NEW YORK (AP) – The former doctor of the Staten Island ferry pilot who passed out before a crash that killed 11 people was sentenced to a year’s probation Friday for hiding the pilot’s medical problems from the Coast Guard.

Victims’ families said they were outraged.

William Tursi, 56, received probation, six months home confinement, 300 hours of community service and a $5,000 fine for failing to disclose Assistant Captain Richard Smith’s high blood pressure and use of medication on a pilot’s licensing form in 2000. Tursi could have received as much as six months in prison under advisory federal sentencing guidelines.

Prosecutors said they believed Smith’s blood-pressure medication contributed to his blackout at the controls of the Andrew J. Barberi, which slammed into a concrete maintenance pier on Oct. 15, 2003, killing 11 people and wounding dozens.

“Somebody has to be held accountable for these 11 people,” Vincent Ferrante, whose 26-year-old son was killed, said after the sentencing.

U.S. District Judge Edward Korman said, however, that the government had failed to prove a link between Smith’s blackout and Tursi’s failure to fill out boxes that would have indicated high blood-pressure and prescription drug use.

Prosecution experts were not credible when they asserted that Smith’s medication caused him to lose consciousness before the ferry crash, Korman said.

“This absence of proof is an important factor to be taken into account,” he said.

Tursi asked for mercy from the court, citing his record as a decorated military physician and his unblemished history as a doctor on Staten Island.

“I’m extremely sorry for what has happened to me,” he said. “I hope you’ll take into account the life I’ve led so far and the service I’ve provided to my country and community.”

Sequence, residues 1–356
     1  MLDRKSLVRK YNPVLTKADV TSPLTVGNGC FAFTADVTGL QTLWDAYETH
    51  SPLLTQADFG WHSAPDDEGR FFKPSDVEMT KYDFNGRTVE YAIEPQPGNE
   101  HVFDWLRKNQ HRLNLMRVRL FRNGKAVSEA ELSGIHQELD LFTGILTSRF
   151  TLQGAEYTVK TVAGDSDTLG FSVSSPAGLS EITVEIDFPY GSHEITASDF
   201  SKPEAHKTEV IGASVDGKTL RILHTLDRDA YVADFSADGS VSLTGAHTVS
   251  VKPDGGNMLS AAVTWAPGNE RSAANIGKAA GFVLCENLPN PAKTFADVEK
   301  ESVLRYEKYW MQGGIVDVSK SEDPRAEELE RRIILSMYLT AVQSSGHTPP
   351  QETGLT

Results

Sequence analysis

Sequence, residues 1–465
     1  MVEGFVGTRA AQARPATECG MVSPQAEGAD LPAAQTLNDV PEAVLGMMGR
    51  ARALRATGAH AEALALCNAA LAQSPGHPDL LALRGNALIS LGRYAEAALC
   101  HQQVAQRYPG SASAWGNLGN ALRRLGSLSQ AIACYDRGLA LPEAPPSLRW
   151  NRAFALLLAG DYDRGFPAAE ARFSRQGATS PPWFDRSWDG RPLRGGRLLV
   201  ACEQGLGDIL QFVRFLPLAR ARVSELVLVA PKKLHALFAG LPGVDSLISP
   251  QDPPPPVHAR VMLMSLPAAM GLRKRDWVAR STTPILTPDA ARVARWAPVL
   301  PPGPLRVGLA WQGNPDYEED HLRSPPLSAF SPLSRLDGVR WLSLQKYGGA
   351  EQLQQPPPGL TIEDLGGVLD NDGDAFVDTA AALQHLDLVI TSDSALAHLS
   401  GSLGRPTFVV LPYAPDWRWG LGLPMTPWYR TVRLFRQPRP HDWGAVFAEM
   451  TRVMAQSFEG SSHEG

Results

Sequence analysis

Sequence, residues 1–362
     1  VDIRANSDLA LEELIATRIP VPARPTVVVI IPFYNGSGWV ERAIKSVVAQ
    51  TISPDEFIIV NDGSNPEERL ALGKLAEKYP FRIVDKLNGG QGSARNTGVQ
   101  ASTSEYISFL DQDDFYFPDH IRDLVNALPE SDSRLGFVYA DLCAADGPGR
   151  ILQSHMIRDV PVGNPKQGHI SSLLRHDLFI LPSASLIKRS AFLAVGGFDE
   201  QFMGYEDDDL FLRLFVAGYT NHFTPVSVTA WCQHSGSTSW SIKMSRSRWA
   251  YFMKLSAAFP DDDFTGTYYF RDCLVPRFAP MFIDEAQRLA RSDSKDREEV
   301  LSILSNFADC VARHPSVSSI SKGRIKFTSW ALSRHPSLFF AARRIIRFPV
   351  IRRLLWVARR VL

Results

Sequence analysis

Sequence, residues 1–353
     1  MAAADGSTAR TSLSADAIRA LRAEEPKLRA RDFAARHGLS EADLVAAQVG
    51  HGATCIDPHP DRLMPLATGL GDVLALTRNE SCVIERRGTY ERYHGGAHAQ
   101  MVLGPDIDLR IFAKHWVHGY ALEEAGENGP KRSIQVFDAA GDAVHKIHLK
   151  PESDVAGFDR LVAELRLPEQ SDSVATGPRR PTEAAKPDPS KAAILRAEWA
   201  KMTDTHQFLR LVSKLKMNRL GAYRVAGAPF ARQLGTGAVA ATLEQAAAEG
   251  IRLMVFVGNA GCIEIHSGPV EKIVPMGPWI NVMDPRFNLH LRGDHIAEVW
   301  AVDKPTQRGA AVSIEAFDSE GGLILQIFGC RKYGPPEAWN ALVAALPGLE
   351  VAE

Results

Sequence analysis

Tursi’s medical license is under review. His lawyer said during the hearing that he expected it would eventually be revoked.

Smith has pleaded guilty to manslaughter charges and is awaiting sentencing. His former captain, Michael Gansas, struck a deal with prosecutors in their case against ferry supervisor Patrick Ryan, who is also awaiting sentencing after pleading guilty to manslaughter.

Gansas initially was accused of making false statements for telling Coast Guard investigators that he was in the pilot house when Smith passed out.

In a television interview on Thursday, Gansas said he initially lied about where he was during the crash because he wanted to share the blame.

Gansas, who was fired soon after the crash for failing to cooperate with the investigation and had not spoken publicly, told WCBS-TV he rushed from the rear of the ferry to the pilot house after the crash.

“I noticed Richard Smith with his hands over his head, his eyes, and he was saying, “I must have dozed off. I fell asleep,”‘ Gansas said.

The ferry crashed as it was docking on a run from Manhattan, tearing a 250-foot-long gash that ran 8 feet deep into its hull.


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